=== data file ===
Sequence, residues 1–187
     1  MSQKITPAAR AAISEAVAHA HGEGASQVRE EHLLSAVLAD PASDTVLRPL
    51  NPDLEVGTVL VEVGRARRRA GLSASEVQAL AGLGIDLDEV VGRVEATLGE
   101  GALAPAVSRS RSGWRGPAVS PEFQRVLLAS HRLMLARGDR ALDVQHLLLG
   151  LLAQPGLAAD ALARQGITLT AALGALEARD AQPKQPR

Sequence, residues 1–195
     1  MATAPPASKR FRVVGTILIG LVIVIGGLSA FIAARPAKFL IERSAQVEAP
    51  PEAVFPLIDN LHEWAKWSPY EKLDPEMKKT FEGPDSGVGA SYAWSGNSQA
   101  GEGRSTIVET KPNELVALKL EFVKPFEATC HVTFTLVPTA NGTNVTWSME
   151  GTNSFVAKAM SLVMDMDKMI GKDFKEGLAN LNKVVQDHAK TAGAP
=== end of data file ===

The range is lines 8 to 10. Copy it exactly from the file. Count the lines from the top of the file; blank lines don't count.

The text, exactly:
    51  PEAVFPLIDN LHEWAKWSPY EKLDPEMKKT FEGPDSGVGA SYAWSGNSQA
   101  GEGRSTIVET KPNELVALKL EFVKPFEATC HVTFTLVPTA NGTNVTWSME
   151  GTNSFVAKAM SLVMDMDKMI GKDFKEGLAN LNKVVQDHAK TAGAP